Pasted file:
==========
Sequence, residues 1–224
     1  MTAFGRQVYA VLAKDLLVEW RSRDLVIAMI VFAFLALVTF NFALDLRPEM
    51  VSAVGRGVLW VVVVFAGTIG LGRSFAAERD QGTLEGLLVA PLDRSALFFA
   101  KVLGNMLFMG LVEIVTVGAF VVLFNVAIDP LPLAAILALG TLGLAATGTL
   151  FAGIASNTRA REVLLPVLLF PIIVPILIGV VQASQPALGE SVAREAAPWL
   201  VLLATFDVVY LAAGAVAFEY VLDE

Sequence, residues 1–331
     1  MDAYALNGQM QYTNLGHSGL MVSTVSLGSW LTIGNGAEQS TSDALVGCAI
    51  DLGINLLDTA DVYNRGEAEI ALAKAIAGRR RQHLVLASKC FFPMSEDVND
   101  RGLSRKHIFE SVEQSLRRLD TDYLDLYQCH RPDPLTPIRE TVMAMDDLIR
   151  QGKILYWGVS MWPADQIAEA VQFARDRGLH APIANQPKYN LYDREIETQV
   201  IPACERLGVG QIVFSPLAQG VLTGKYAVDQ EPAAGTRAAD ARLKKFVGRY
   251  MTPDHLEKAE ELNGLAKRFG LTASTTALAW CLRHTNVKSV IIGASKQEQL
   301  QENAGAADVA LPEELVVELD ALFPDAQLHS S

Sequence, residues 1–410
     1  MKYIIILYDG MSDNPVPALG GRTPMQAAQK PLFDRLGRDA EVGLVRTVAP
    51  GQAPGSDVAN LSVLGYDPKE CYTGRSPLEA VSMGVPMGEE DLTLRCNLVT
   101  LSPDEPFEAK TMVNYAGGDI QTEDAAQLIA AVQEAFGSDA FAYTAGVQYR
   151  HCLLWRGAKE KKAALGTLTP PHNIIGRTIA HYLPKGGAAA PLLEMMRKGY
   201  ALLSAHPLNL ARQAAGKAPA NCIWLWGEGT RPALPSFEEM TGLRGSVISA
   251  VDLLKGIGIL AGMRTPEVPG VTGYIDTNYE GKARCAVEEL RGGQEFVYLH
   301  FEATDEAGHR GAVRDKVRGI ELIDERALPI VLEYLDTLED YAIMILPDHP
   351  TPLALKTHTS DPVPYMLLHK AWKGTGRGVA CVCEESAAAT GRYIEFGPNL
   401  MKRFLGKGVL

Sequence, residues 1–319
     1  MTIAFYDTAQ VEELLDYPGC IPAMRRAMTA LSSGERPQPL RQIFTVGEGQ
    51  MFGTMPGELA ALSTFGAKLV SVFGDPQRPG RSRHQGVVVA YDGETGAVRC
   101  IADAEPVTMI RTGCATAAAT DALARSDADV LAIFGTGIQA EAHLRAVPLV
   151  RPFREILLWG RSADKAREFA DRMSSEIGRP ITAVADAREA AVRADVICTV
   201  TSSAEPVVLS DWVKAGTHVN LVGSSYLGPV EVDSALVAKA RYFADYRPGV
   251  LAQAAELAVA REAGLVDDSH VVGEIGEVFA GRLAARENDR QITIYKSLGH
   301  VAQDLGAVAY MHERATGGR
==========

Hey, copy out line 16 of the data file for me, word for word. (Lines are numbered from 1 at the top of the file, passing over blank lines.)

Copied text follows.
     1  MKYIIILYDG MSDNPVPALG GRTPMQAAQK PLFDRLGRDA EVGLVRTVAP